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Bumblebee review

Battle lines are drawn as Bumblebee teams up with Hailee Steinfeld to save the world.

Credit: Paramount

After five live action Transformers films (which systematically battered my eyes like they committed a crime), it’s safe to say that I wasn’t overly keen to revisit Transformers on the big screen anytime soon. And this is coming from a lifelong Transformers fan – one that grew tired and frustrated at how the films handled the goldmine that was this franchise and frequently let the audiences down. As news and images broke of Bumblebee, it was clear that this was no standard Transformers film, and the approach that director Travis Knight has taken with this gem of a movie will leave fans delighted and optimistic about the big-screen future of the robots in disguise.

Bumblebee is the best Transformers live-action film to date. I have a soft spot for the first movie in 2007 because it did deliver a fun ride but as the sequels piled up, so did the very real chance of epilepsy as the sickness-inducing action scenes and sensory overload kicked in and made everything largely useless onscreen. Nothing can be further from the truth with Bumblebee – it’s a glorious homage to the 1980s with a story that plays to the characters strengths whilst delivering stunning spectacle and action that only compliments the narrative.

Laika supremo Travis Knight, (whose first directorial effort was the stunning Kubo and the Two Strings, and who has worked as the lead animator on ParaNorman, Coraline and The Boxtrolls), brings all of his experience of storytelling to this tale. You can see that this has a different feel to past Transformers movies right from the start. Firstly, the film takes place in 1987, the decade where Transformers first came to life. This is more than just a nostalgia kick as this era is perfectly suited to host this origin story. We see a war-torn Cybertron with classic Generation 1 (G1) styled Transformers in the midst of battle as Bumblebee (voiced by Maze Runner’s Dylan O’Brien) is transported through space on a secret mission by Optimus Prime (returning vocal legend Peter Cullen). Tasked with establishing a base on the planet Earth for the Autobots to regroup, Bumblebee goes on a solo expedition but is pursued by Decepticons. After landing on Earth, Bumblebee is forced to go into hiding after a brutal battle leaves him badly injured.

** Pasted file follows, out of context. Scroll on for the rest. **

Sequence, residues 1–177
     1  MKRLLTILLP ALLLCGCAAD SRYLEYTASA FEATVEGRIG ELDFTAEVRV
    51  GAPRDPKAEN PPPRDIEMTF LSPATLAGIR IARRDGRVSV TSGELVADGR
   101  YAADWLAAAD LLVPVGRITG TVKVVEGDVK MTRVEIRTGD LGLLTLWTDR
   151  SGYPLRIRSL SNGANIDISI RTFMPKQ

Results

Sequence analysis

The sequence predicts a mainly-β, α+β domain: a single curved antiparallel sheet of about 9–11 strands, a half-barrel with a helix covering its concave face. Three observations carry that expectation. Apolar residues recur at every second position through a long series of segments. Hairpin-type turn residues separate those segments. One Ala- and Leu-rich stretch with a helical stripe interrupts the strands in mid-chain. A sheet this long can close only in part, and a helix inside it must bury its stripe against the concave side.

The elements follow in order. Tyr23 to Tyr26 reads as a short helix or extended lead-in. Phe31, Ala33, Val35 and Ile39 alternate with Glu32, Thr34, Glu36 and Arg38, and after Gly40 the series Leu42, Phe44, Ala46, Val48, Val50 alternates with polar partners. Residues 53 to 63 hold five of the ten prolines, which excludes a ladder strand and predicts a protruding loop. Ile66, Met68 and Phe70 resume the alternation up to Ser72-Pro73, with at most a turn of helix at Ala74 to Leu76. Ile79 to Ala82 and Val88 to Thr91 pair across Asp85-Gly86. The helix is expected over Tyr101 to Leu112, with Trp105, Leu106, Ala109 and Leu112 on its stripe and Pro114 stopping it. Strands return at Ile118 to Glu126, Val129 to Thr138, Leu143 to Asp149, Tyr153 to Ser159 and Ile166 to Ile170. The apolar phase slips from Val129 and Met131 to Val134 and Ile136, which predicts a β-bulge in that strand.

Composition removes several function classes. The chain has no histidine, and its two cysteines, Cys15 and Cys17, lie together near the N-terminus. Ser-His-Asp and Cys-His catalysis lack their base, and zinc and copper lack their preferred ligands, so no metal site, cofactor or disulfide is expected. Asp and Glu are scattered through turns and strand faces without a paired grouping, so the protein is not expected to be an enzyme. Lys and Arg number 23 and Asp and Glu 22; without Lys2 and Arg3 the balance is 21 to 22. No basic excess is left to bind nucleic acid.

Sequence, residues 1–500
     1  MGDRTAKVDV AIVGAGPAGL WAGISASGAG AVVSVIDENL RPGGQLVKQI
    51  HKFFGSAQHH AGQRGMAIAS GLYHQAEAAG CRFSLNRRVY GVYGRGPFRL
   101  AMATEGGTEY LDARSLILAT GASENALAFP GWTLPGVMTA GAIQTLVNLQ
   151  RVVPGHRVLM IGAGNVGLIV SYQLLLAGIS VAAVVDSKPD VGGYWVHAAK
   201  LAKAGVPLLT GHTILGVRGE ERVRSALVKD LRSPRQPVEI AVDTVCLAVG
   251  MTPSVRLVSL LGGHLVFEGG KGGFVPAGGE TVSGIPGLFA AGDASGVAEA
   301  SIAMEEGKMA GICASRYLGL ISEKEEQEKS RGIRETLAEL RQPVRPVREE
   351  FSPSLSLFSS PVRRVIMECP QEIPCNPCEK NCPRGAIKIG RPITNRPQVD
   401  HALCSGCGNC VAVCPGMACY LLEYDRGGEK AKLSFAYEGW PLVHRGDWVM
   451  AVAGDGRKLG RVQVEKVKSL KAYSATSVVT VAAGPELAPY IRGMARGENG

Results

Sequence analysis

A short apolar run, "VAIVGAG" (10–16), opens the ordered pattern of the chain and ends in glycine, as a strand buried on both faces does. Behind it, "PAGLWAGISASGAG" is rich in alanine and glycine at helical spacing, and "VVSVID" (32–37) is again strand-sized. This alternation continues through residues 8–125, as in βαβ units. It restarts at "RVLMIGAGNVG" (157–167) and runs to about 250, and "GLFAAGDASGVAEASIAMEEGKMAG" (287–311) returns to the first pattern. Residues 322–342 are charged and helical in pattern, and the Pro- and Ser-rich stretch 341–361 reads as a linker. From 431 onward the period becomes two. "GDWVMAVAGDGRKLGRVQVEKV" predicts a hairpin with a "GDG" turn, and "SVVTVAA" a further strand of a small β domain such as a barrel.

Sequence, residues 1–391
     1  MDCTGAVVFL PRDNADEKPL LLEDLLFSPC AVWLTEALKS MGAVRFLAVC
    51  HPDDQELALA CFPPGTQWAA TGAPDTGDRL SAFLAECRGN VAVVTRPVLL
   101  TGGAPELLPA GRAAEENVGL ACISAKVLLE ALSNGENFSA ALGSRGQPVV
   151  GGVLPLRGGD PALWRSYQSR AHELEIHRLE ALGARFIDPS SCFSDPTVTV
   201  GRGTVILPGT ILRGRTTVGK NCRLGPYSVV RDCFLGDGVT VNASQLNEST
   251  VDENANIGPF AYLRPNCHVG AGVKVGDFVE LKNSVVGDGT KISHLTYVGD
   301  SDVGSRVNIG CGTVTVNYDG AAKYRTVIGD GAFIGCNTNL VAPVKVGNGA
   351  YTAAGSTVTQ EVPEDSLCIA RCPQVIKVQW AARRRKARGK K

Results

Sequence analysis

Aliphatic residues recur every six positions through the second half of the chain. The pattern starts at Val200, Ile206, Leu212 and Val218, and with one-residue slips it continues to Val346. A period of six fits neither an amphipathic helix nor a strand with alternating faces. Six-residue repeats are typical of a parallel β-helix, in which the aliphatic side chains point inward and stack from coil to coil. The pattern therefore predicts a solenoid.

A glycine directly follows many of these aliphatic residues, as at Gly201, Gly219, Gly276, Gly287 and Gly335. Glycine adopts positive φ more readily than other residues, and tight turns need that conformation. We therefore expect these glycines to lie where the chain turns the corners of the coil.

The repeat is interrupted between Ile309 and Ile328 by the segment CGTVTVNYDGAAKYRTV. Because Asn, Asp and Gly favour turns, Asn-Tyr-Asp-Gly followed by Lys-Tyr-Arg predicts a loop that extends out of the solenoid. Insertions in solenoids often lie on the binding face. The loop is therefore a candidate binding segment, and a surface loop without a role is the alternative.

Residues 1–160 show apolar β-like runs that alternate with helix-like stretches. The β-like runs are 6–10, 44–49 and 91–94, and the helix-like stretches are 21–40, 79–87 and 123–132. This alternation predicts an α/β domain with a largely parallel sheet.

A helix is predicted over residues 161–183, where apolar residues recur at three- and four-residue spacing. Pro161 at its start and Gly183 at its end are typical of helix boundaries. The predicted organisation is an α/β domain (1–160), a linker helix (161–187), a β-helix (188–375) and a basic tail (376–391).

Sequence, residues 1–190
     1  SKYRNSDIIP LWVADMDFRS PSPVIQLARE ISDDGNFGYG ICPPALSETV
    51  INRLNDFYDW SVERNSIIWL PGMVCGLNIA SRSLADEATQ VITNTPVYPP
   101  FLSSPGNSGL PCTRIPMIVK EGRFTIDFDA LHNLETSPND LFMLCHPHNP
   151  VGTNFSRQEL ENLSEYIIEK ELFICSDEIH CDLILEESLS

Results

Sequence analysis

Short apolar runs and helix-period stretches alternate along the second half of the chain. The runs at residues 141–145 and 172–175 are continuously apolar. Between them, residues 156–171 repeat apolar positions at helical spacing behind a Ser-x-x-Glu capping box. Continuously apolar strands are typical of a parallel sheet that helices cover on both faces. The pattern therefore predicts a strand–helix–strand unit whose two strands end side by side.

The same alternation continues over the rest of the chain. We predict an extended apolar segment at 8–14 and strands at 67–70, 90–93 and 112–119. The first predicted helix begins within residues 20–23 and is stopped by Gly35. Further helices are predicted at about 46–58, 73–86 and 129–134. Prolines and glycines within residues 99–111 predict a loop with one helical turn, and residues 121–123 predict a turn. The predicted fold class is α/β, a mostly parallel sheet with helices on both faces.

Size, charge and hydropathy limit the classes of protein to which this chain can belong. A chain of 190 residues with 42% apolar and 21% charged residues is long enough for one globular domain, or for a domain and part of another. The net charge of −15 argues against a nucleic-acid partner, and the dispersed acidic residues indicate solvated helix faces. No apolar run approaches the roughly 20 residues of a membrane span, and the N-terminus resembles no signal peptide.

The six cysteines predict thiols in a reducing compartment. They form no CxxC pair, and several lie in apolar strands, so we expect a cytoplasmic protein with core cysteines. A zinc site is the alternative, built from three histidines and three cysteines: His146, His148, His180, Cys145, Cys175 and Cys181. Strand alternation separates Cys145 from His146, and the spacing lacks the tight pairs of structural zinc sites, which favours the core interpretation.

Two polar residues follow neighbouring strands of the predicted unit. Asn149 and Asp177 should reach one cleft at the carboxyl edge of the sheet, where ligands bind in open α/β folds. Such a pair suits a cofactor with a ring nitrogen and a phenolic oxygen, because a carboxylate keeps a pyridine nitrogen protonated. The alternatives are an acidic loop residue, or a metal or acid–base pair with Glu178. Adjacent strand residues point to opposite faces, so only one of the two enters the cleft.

Meet Charlie Watson (Hailee Steinfeld). She’s just about to turn 18 and feels at odds with her current predicament. Her mother (Pamela Adlon) has started a new relationship with a man (Stephen Schneider) but Charlie is having trouble letting go of the past. She loved her late father immensely and spends her days doing odd jobs at the local garage, a pastime her dad taught her. At the garage, she spies an abandoned VW Beetle and gets to work restoring it. But this is no ordinary car and soon Charlie gets more than meets the eye when she discovers it’s alive. Bumblebee befriends her and the two form a great bond – one that will be tested by the military and the Decepticons, who have an unfinished score to settle with the Autobot and who are perfectly willing to destroy the planet to get to him.